This did not escape Mary’s ears, and she pondered it in her heart. She did not have the privilege of attending Sunday school or church services that she might be enlightened on the subject, but she thought of it often. Although Margaret had only been with them a few months, Mary had loved her dearly. And as she had the constant care of the smaller children, Mary received her first smile and her first baby coo, and if there was any chance of ever meeting her little baby sister she wanted to know just how to do it.

A few weeks after the death of Margaret, Mary approached her stepmother on this subject, but as she could not enlighten her, and as the question only annoyed her because of her own lack of spiritual life, she received a sharp rebuke and was sent away. But that did not erase from her mind the thought of meeting her again, and when she had an opportunity she mentioned it to her aunt Millie, who came to spend a few days with them. This aunt was the favorite sister of Dan’s, and Mary opened her heart to her aunt regarding the question of meeting little Margaret again.

Millie Fletcher had not been a spiritual woman until God visited in her own home and called away her own little babe. The very thing which now was puzzling Mary had come forcibly to her, and she came before God as a penitent soul and received the assurance that she would meet her darling again. When Mary pressed her question upon her she explained it as best she could to the child, and although Mary could not understand it all, she grasped this thought, that we are two people living together, a body and a soul. The body must die and go back to dust, for God made it from dust, but the soul that lives in the body goes back to God. If it has been good it will be with God and with all good people, but if it has been bad it will never see any good people any more. This was about all the conception she had of this vital truth, but as her Aunt Millie ceased talking, she threw her arms about her neck and, laying her head on her aunt’s shoulder, began to cry as she said, “Oh Aunt Millie, I mean to be good and then some day I shall go to meet little Margaret.”

As the days wore away into weeks, and weeks to months, the wound healed in the childish heart, and the loss of the little sister was forgotten as the work of the home was laid more and more on her. But news came to them of Grandpa Harmon’s death, and again the thought of a life beyond this one stirred in the child heart. She had loved Grandpa Harmon dearly, but now he had been called away. As her tears fell upon receiving the news of his death, there went a cry out of her heart, “I want to meet him again.”

After the death of Father Harmon, David married and offered Roy a home with him, which was accepted, but it was only for a few months, for David was so selfish that he thought all Roy’s earnings should be given over to him, although Roy was paying his board weekly. Many times he would borrow money from Roy with a promise of refunding it in a certain length of time. When Roy really needed it and would mention the fact to his brother, he would be met with resentment. At last the day came when David again asked Roy for a loan and was refused, and a quarrel ensued in which Roy took his belongings and went elsewhere. But he could not be satisfied. One day the thought of joining the navy came to him, but he must first see his little Peachy, the only one who really claimed his love since the death of his father and mother.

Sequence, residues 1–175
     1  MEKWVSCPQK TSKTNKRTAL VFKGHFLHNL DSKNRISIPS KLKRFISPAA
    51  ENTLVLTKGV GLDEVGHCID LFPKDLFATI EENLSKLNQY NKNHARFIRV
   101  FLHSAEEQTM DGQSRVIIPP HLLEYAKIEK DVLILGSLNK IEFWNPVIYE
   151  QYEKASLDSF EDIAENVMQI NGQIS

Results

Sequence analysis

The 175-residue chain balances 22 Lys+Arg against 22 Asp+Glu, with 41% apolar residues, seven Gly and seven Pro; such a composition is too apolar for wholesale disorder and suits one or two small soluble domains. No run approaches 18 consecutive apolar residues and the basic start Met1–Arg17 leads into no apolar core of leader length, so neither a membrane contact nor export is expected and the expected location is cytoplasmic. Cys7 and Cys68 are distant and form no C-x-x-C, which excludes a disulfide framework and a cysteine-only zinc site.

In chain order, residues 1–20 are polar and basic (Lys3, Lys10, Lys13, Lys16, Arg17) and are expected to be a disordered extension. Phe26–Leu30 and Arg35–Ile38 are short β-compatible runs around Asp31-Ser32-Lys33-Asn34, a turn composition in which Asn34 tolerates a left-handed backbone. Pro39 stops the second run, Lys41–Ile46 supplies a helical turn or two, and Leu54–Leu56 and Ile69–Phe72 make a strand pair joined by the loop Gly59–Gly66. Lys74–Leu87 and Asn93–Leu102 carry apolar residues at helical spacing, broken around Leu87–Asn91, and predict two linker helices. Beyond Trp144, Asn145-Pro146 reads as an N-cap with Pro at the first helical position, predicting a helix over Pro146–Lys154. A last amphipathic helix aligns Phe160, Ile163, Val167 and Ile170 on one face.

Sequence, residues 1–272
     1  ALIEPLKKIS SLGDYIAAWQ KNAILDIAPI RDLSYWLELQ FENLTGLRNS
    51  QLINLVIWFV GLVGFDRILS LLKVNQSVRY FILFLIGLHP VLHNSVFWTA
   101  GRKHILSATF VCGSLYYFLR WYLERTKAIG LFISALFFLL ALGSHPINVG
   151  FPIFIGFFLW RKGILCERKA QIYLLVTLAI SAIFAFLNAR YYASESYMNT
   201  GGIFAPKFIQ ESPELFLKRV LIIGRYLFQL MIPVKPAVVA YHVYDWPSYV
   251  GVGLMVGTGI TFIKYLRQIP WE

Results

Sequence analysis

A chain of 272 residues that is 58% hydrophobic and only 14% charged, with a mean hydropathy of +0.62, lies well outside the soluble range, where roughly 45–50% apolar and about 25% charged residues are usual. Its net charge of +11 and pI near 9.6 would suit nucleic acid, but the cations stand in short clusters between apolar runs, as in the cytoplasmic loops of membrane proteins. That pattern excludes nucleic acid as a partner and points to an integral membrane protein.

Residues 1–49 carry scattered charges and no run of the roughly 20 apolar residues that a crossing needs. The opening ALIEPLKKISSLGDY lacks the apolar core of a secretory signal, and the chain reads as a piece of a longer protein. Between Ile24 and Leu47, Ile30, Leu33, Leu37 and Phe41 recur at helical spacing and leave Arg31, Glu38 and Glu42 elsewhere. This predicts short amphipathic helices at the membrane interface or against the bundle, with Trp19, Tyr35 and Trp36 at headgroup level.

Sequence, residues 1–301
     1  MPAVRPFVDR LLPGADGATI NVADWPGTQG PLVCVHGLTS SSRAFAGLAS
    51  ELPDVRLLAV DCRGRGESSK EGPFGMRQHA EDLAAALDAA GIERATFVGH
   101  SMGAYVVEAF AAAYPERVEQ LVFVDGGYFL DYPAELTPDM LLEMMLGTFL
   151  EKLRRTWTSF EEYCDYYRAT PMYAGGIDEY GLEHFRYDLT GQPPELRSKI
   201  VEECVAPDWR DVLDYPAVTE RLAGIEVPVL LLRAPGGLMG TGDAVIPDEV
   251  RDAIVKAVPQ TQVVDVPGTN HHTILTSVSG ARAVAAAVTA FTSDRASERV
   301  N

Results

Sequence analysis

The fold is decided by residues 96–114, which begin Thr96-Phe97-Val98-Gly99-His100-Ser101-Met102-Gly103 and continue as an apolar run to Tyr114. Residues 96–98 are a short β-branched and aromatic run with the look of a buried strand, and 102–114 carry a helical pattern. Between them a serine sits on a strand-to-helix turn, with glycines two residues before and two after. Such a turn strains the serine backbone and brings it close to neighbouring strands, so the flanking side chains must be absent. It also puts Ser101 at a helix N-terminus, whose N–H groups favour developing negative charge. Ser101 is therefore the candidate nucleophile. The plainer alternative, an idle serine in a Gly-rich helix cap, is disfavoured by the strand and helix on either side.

He walked into the Dennison yard unannounced. It was a surprise to all to see him, although Dan, Mary, and Otis were delighted. He received a warm welcome, but as he looked about him, a look of sadness filled his eyes. He could see that his little Peachy was neglected. Caroline, Nancy, and the twins were dressed in nice play suits, but his Peachy was shabbily dressed in faded calico, which had been patched and repatched. He saw also she was the servant in the home, for she was up early in the morning and with milk pail in hand, away to do the milking, and while the others ate breakfast, Peachy busied herself with making beds, sweeping, and straightening things about the place. Myra was a very particular housekeeper and free to find fault with anything that did not come up to her close inspection. The younger children had time for play, but not so with Peachy, for there was no time left for her from her work.

Roy tried in many ways to get alone with Mary, but Myra saw to it that they were not alone, for when she found them so, she would always have something else for Mary to do which would take her away from him. But he was determined, and early one morning he met her in the barn.

Mary was busy milking, and all unconscious of any observer. She was singing, and the tears came to his eyes; he again heard the voice of his beloved sister Elsie, now reproduced in her daughter.

He approached Mary, who smiled as he said, “Here, Peachy, let me try my hand at milking. It has been some time since I milked a cow.” Sitting down on the milk stool, he convinced her in a very short time that he had not forgotten how to do it, for the milk streamed into the pail and soon the foam was running over the top. Mary laughed at the expression he had used of “pailing a cow,” and this made an opening for conversation.

“Wouldn’t you like to go to town with me today?” inquired Uncle Roy as he looked into her face from where he was sitting on the milk stool.